Diversity was defined in 1994 by a researcher named Cox. This was followed in 1995 by McGrath and then subsequently by others.
One reason for so many definitions was because in each research document, the author used different criteria to establish a definition.
For example, Cox studied specific cultural habits, McGrath used individual body features and some authors used viewpoints that cause behavioral changes in other groups.
Additionally, in specific organizations, such as the world of technology, finance, professional sports, the judicial system and medicine, diversity wasn’t established by race, gender or ethnicity. It was established by using nonvisible dimensions that included IQ, cognitive abilities, education, leadership abilities and occupation.
So what does it mean to the fire service? Four thoughts.
First, diversity has no set definition.
Therefore, when creating a definition for itself, each organization should create a set of criteria through a series of questions that define the organization.
For example, here are three questions I used to define diversity in my past department:
- Does your department provide for a global-thinking approach to problem solving?
- Do your employees have a stronger commitment to the organization?
- Do your employees have a stronger desire to increase organizational performance?
Hence, if we use the answers to these three questions, a department could state that diversity in their fire department is defined as follows:
Diversity is defined as an evolving process for recognizing different cultures and ethnicities within our communities in order to create a global-thinking approach to problem solving and to increase organizational performance through enhanced city, departmental and employee awareness.
Second, we have to be aware that although we advocate for diversity in the fire service, in the world of data and spreadsheets, we know with 100% certainty that our organizations don’t resonate what we state. In fact, a recent report titled Characteristics of Individuals and Employment Among First Responders (U.S. Department of Labor, August 6, 2015) states that 19 out of 20 firefighters are men, and this is just one demographic.
Third, research tells us that diverse departments promote community engagement, global thinking and synergy for the organization and the community, resulting in everyone having one variable in common—trust.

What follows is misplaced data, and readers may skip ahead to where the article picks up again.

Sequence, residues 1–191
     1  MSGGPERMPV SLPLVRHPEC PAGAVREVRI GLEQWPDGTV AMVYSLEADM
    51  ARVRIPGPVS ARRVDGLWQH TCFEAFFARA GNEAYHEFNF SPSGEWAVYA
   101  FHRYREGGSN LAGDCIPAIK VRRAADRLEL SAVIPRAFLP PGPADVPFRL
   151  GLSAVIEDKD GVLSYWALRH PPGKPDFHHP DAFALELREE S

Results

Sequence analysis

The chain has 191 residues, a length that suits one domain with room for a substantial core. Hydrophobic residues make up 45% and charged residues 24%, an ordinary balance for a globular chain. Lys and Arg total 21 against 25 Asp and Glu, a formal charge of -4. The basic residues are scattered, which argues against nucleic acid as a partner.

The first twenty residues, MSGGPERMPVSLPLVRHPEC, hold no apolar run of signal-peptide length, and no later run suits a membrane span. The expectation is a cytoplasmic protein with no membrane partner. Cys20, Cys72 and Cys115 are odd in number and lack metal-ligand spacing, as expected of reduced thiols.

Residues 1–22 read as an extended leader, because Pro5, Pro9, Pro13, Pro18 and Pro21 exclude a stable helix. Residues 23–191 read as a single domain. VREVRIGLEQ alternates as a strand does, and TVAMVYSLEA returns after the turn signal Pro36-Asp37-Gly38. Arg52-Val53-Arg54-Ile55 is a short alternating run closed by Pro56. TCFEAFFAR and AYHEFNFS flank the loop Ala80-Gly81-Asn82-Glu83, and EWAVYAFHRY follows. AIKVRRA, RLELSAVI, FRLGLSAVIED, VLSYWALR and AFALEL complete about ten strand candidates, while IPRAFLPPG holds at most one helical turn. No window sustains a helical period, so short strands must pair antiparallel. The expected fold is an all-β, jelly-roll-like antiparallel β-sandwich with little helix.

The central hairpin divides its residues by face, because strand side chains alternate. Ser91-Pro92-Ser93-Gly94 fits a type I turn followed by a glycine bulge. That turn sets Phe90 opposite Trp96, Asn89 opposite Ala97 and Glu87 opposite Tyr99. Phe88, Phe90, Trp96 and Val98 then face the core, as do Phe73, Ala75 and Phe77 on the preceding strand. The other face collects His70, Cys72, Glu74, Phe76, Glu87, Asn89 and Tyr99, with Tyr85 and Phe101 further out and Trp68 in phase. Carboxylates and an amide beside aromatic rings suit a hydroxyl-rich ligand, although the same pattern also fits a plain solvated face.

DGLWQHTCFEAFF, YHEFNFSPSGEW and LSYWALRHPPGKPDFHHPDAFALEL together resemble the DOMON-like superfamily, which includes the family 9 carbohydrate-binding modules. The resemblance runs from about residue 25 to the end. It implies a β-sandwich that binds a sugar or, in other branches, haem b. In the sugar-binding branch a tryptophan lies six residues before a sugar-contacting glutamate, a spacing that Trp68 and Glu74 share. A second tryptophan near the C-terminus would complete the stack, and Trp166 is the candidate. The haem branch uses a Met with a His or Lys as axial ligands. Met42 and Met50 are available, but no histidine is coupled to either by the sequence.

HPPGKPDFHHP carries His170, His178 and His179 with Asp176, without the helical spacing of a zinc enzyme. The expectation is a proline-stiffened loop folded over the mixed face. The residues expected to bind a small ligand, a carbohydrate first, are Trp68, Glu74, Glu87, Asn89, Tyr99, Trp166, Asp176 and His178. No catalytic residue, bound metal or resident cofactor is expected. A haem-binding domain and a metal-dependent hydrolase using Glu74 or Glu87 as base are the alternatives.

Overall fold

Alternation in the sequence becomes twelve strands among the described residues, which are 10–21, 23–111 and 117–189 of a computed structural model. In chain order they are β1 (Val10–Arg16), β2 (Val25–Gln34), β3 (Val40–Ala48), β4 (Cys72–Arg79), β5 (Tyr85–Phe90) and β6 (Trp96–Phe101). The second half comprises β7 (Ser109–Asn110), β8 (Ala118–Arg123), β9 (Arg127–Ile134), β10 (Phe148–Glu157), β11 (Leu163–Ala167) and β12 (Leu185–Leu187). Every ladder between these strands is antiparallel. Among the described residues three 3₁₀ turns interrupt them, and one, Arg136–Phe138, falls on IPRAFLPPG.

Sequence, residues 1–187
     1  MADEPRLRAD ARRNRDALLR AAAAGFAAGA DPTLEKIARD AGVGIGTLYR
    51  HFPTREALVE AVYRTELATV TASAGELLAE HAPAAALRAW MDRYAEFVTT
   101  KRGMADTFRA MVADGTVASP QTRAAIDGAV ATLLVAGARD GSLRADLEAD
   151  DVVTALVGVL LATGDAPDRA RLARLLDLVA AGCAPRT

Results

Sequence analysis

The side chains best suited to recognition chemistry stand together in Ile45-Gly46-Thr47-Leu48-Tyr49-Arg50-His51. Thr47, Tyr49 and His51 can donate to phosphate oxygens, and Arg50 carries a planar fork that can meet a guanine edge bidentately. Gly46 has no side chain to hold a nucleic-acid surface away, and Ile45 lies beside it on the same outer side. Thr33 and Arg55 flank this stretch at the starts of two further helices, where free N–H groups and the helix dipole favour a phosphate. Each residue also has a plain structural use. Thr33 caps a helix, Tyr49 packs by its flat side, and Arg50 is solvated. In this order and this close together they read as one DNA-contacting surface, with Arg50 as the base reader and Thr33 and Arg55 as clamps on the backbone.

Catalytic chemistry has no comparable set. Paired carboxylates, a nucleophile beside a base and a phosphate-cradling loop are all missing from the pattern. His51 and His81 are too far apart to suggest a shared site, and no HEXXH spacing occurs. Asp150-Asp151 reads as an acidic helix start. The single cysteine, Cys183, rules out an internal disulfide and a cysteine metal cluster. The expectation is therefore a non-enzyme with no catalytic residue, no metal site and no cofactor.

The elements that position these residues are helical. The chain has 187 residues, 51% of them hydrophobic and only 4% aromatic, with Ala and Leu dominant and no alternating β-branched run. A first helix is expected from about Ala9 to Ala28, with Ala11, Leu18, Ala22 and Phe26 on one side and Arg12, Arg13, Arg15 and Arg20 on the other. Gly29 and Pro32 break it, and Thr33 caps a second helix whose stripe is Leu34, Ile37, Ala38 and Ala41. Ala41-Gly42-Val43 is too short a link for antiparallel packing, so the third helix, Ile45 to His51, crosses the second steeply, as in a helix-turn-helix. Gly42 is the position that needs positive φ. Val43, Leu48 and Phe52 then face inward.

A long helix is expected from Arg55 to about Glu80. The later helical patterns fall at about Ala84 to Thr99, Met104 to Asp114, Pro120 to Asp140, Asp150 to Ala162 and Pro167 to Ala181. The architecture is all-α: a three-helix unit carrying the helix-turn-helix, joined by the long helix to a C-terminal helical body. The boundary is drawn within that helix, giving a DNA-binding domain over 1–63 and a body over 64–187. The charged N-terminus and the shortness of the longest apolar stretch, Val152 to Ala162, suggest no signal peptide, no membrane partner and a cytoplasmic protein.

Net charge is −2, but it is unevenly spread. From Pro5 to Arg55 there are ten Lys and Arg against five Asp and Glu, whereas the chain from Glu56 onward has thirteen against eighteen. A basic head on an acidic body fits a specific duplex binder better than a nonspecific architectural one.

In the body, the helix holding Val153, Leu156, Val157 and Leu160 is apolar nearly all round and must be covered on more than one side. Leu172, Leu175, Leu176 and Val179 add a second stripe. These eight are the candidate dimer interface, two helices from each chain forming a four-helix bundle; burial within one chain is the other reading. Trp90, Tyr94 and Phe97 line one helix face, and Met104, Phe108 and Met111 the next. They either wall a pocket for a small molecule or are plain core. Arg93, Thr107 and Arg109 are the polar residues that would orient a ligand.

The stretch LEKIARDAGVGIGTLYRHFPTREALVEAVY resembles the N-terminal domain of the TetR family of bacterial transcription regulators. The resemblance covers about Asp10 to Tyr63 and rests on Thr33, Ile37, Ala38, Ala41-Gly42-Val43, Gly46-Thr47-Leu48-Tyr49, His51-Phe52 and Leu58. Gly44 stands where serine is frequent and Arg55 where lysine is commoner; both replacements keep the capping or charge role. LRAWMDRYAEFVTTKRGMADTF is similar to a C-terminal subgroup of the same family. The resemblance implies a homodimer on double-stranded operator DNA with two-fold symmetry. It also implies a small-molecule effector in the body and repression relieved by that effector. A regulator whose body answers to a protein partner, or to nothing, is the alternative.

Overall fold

Fourth, we know that diversity provides for increased employee engagement, increased awareness of our surroundings, successful adjustments in our communities and overall individual and organizational growth.
For example, in a recent study by Ward on workplace diversity, a survey asked if there are any benefits to having a diverse workplace; 95% of the respondents said yes to the following benefits:
- Learning and growing from each other
- Diverse ways of doing things
- Benefits to the clients
- Increased ability to achieve
- Exposure to different cultures and beliefs, building tolerance and understanding
- Increased knowledge
- Reflecting society
In addition, Ward’s study concluded that the findings support recommendations by workers to develop a definition for diversity in the workplace.
In summary, when starting to define diversity in your department, consider the demographics of your community and organization and keep in mind that although we would like to have set parameters for what diversity is, there are none that apply to everyone.
In essence, as a chief officer, you need to establish the criteria you want your department to follow.
- Cox, T. (1994). Cultural diversity in organizations: Theory, research and practice. Berrett-Koehler Publishers.
- McGrath, J. E.; Berdahl, J. L.; and Arrow, H. (1995). Traits, expectations, culture, and clout: The dynamics of diversity in work groups.
- Roberson, Q. M. (2006). "Disentangling the meanings of diversity and inclusion in organizations." Group & Organization Management, 31(2), 212-236.
- Shore, L. M.; Randel, A. E.; Chung, B. G.; Dean, M. A.; Ehrhart, K. H.; and Singh, G. (2010). "Inclusion and diversity in work groups: A review and model for future research." Journal of Management, 0149206310385943.
- Ward, V. K. Diversity in the Workplace.